By: Dr. Keith Kantor


We often think of allergies also known as allergic conjunctivitis when we have itchy eyes. Most people typically toughen it out or take some seasonal allergy medications for temporary relief. This is more common in adults then children, if it goes untreated and there is a more serious underlying issue it can lead to complications and increase your risk for eye related diseases,(i.e. glaucoma and macular degenerative disease).


Common Causes of Itchy Eyes

Most of the time, some type of allergy causes itchy eyes. An irritating substance (called an allergen) — such as pollen, dust and animal dander — causes the release of compounds called histamines in the tissues around the eyes, which results in itching, redness and swelling.

Rubbing won’t help your itchy eyes. In fact, it can make things worse.


Eye allergies come in lots of shapes and sizes and can be seasonal or perennial.

Seasonal allergies cause what’s known as allergic conjunctivitis. It’s most common in the spring and fall and is caused by high pollen counts and exposure to outdoor allergens like grass and weeds.

Perennial allergies, on the other hand, are present all year long and are caused by things like mold and dust.


In some cases, a product you’re using can cause allergy-related itchy eyes. For example, some people develop allergies to their contact lens solution. Other products with ingredients that may cause your eyes to itch include: artificial tears used to treat dry eyes, makeup, lotions, creams and soaps.


Other Causes of itchy eyes

If (in addition to itching) your eyes are burning, the cause may be dry eye syndrome or meibomian gland dysfunction not allergies.


Similarly, if your eyelids are red and inflamed, you may have a condition called blepharitis, which is caused by bacteria and in some cases by microscopic mites that live on the eyelids.

If you wear contact lenses, itchy eyes can make lens wearing very uncomfortable. Sometimes, if you are wearing your contacts too long or don’t replace them frequently enough, this too can cause itchy eyes.

Because the causes for itchy eyes are so varied, if your symptoms are lasting, getting worse, or don’t subside when allergy season winds down, make an appointment with your eye doctor. Remember if the itching persists and is left untreated it can lead to serious eye diseases.


Treatment for Eye Irritation

Symptoms of itchy eyes sometimes can be alleviated with over-the-counter artificial tears or allergy eye drops. But in many cases, prescription eye drops or oral medications may be needed to provide relief. Some medications also may help you become less prone to attacks of itchy eyes in the future, especially if symptoms are due to seasonal allergies.


Applying a clean, cold, damp washcloth over your closed eyes also may help alleviate the severity of itchy eyes. The most effective itchy eye treatments are those that directly address the cause. For example, if your symptoms are associated with a dry eye condition, an allergy drop will be less effective for you than it will be for someone whose itchy eyes are due to seasonal allergies. For this reason, consulting with your eye doctor can be very helpful to determine the most effective remedy for itchy eyes.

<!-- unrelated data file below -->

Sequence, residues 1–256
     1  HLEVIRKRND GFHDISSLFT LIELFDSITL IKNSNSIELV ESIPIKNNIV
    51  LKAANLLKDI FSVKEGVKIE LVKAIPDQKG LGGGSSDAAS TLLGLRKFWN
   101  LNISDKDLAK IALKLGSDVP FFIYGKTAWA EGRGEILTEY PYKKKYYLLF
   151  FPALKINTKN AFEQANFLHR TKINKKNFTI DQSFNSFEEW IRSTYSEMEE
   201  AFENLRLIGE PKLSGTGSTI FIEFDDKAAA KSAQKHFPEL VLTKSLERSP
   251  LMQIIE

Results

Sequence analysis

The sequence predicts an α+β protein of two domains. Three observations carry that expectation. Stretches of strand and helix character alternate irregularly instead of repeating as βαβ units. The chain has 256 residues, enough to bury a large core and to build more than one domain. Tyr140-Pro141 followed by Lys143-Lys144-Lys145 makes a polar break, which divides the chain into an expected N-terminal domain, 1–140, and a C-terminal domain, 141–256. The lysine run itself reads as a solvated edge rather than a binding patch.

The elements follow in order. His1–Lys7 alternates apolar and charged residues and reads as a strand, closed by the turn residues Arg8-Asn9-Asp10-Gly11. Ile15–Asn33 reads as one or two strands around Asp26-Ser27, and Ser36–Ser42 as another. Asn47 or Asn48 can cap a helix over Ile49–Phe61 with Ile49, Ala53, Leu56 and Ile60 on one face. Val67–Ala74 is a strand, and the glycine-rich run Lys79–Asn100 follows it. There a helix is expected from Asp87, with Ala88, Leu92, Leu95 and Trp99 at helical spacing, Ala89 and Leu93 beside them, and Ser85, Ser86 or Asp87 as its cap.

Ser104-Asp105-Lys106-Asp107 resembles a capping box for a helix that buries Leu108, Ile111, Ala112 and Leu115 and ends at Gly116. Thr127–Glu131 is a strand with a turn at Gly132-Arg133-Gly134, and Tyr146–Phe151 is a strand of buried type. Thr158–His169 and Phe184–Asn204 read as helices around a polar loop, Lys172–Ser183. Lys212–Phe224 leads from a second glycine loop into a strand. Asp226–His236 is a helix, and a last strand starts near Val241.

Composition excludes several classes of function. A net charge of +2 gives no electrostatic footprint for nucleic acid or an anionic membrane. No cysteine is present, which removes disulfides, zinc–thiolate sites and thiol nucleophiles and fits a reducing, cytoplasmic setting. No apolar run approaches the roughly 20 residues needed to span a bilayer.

Several different types of medications may help relieve ocular itching, but only your doctor will know which treatment or combination of treatments is most suitable for your particular needs. In some cases, itchy eyes can be cured with artificial tears or allergy drops. But in others, you may also need an antibiotic, an anti-inflammatory medication and/or special eyelid cleansing products.


Above all, though it’s tempting, don’t rub itchy eyes. Rubbing releases more histamines that make the itching worse. It’s also possible to cause a corneal abrasion by rubbing your eyes too vigorously or introduce bacteria to your eyes that can lead to an eye infection.


Additional Home Remedies for treating itchy eyes



Add 1 teaspoon of dried chamomile flowers (or a teabag) to 1 cup of boiled water. Steep for 5 minutes, strain, let cool, and use as an eyewash. May also be used as a cold compress.

Cucumber Slices

This is one of the most common remedies for eye irritation and inflammation. Cut two slices of cucumber, place in ice cold water for 10 minutes and place them on your closed eyelids for 10 more minutes. Cucumbers have powerful antioxidants and flavinoids that are thought to reduce irritation. Closing and resting your eyes also helps with overall discomfort.


Tea Bags

Put a moist green or black teabag on the affected eye for several minutes. Repeat several times a day. If your eye is swollen, moisten the teabag with cool water. Tea contains bioflavonoids that fight viral and bacterial infections and can help reduce inflammation. The tannic acid in the tea will soothe the itching. A weak solution of tea may also be used as eyewash.


Drink Plenty of Water

If your eyes are irritated, your vision is blurry, and/or it feels like there is something in your eye, you are likely experiencing symptoms of dry eye. The best way to treat dry eyes is to rehydrate your eyes and your body by drinking a lot of water.


Witch Hazel

American Indians used witch hazel for inflammation. Use a gauze pad or cottonballs soaked in witch hazel as a compress over closed eyes. Witch hazel has astringent properties and will help reduce the swelling.


Apple Cider Vinegar

Mix 1 Tbsp pure apple cider vinegar with a cup of water. Use this mixture to wash your eyes by using a cotton ball. Use apple cider vinegar which contains malic acid which fights against bacterial infections.



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